Dear Aerosmith: this is why farewell tours suck

Joe Perry and Steven Tyler at Download 2014
Joe Perry and Steven Tyler at Download 2014 (Image credit: Neil Lupin \/ Getty Images)

They say all farewells should be sudden. It’s just a shame nobody told anyone in the rock business. The latest act to say they’re really, truly, honestly are knocking it on the head as a live act is Aerosmith. Or at least that’s what the band’s publicity-savvy frontman Steven Tyler “let slip” on ageing shock jock Howard Stern’s radio show last week. The 68-year-old just so happens to have his own solo tour kicking off right now and maybe needs to have something big to say to get in the news. But whatever, Tyler’s adamant the ’70s icons will be done forever after one last stadium-stomping sayonara in 2017. There are, however, two questions we have to ask. Will they really exit stage left? And should we care either way?

While record sales have steadily dwindled in the face of a full frontal streaming assault, the value of mega-grossing live ‘heritage’ acts has become more and more important to an industry looking for home banker revenue generators. Rock bands perfectly fit the profile the industry currently needs. Cultural changes mean that rock music now accounts for a fraction of the sales it produced in the ’80s. Just six per cent if you believe Poison drummer Rikki Rockett’s ability to count on his fingers. So live performance from groups with a lifetime’s experience and nostalgic fans is clearly where it’s at. What better way to guarantee fast ticket sales than by claiming it’s the very, very, very last time you’re ever going to see your favourite band? And what easier way for bands to coin it than go out there and do what they can frankly do in their sleep?

So what’s the downside? Bands make money hand over fist. Fans who were too young to see Tyler’s leopardskin one-piece in the ’70s get to say, “I was there on the very last Aerosmith tour” and share a wobbly piece of phone footage from 80 rows back on Facebook.

Ozzy Osbourne at Download 2016. Closer to The End than yesterday.

Ozzy Osbourne at Download 2016. Closer to The End than yesterday. (Image credit: Marie Korner)

Does it really matter that a lot of these guys look like Widow Twanky these days? Or that the whole magic of the music was that it was made fast and loud by people who were themselves fast and loud? There’s no shame in being 68 – and nostalgia, like ridicule, is nothing to be scared of – but the question is this. Is today’s Steven Tyler really gonna kick the 1977 vintage in the ass? I think we all know the answer to that one.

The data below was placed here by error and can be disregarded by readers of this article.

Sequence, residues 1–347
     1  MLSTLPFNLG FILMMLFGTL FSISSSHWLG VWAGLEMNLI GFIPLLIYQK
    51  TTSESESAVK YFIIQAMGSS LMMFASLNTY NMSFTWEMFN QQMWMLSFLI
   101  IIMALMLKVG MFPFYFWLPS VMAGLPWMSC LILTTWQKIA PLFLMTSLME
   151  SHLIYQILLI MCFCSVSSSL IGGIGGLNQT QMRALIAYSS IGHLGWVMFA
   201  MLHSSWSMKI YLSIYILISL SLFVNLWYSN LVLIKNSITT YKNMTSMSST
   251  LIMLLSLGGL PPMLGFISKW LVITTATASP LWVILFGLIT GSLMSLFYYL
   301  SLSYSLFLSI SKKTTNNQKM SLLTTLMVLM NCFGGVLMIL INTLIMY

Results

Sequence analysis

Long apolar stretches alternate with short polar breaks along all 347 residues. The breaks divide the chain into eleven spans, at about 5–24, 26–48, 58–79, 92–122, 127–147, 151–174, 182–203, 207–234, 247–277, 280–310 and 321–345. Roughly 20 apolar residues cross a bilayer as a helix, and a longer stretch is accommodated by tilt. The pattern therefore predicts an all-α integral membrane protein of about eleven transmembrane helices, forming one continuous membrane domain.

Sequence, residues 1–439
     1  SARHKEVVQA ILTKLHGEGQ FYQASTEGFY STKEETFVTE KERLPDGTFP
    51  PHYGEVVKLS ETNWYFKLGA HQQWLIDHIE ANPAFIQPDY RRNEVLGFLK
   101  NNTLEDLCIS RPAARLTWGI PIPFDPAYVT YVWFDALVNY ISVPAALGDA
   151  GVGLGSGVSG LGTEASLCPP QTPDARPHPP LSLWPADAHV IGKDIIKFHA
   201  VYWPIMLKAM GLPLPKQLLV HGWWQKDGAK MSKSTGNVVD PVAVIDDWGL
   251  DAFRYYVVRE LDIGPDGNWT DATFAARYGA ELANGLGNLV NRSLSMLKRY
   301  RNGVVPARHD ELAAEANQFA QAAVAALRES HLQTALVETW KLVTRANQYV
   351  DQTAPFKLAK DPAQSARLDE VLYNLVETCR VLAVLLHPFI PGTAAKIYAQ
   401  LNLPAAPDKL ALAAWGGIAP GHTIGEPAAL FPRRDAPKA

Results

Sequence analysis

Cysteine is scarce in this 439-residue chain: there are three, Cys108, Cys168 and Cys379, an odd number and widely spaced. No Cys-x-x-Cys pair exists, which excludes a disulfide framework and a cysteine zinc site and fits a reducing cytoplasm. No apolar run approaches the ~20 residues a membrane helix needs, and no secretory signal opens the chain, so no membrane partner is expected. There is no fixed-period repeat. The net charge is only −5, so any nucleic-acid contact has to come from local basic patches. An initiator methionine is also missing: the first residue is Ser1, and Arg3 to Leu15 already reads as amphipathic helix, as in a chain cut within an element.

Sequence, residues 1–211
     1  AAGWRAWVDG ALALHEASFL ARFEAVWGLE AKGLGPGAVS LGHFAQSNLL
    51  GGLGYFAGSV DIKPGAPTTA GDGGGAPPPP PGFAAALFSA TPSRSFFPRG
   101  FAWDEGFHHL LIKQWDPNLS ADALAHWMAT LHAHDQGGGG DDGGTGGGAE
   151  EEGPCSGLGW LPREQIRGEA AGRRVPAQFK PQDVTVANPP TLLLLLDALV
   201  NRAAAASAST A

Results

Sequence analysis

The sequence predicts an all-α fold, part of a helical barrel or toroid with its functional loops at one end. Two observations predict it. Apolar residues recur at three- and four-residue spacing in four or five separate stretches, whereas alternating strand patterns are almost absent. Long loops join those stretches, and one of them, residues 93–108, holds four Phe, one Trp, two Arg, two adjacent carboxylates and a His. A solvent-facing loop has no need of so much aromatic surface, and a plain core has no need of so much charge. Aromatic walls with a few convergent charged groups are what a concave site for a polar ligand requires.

The word from Download was that Ozzy wasn’t doing himself or the Sabbath legend any favours up there on the stage, from an artistic point of view, though the affection in which the loveable Brummie is held means nobody’s too hard on him. But too often it’s the live punter who gets a financial shellacking every time there’s a big gig that doesn’t live up to the hype.

We’re asking a lot of people to keep forking out ever greater sums of money for ever older, more tired, less enthusiastic legends. But the real insult-to-injury moment is being told this is definitely, absolutely, positively the end of the road – that there will be no more touring; that this is your last chance to grab your own piece of rock’n’roll history. Why? Because bitter experience has told us this is almost always total bollocks.

Can you believe The Who first said they were off for good way back in 1982? But here they are touring in 2016, with Pete Townshend predictably claiming they’re “stronger than ever.” Status Quo promised they’d “do one” in 1984, but only insignificant drummer Pete Kircher went away and Rossi and Parfitt are at it again (and again) this summer. Now they’re saying this is their last electric tour. Well they would, wouldn’t they? Kiss promised there’d be no more fire-breathing as long ago as 2000 after their previous “Psycho Circus” tour didn’t cut the box office mustard. But by 2002 they were back already, albeit without the classic line-up, and Gene Simmons and his suspicious-looking hair have been active on the live circuit ever since.

Maybe we’re being too hard on these ageing rockers, thinking they’re nothing more than corporate puppets on the make with only a passing interest in music nowadays. Aerosmith guitarist Brad Whitford (he’s the one who’s not Joe Perry by the way) recently confessed to Classic Rock that he spends most of his time having to listen to band members who should know better bickering about “who’s more famous than whom.” While casually admitting to the obscene amounts of money he’s made, Whitford claims being in Aerosmith has been “a colossal pain in the ass.”

Well, when you put it that way, surely we can all feel sorry for Bradley’s shit band life and do our bit to ease his pain by paying the hundred and odd quid that is the going rate to see a legendary act on their Farewell Tour. After all, what could be better than spending a fortune and taking your binoculars to see a load of old folk who don’t particularly like each going through the motions to boost their retirement fund? And if the date when they come to your town this “one last time” clashes with something you really, truly can’t get out of, here’s our advice. Don’t freak out with worry. As sure as eggs is eggs they’ll be back to see you with a cheery wave – and a very happy accountant – in a couple of years’ time…

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Howard Johnson is a music writer based in France. The editor of Rock Candy magazine, he's also written for Kerrang!, Metal Hammer, RAW, Q, MoJo and Japanese rock magazine Burrn!, and is a French football correspondent for World Soccer mag. He has also written a book on AC/DC, Get Your Jumbo Jet Out Of My Airport.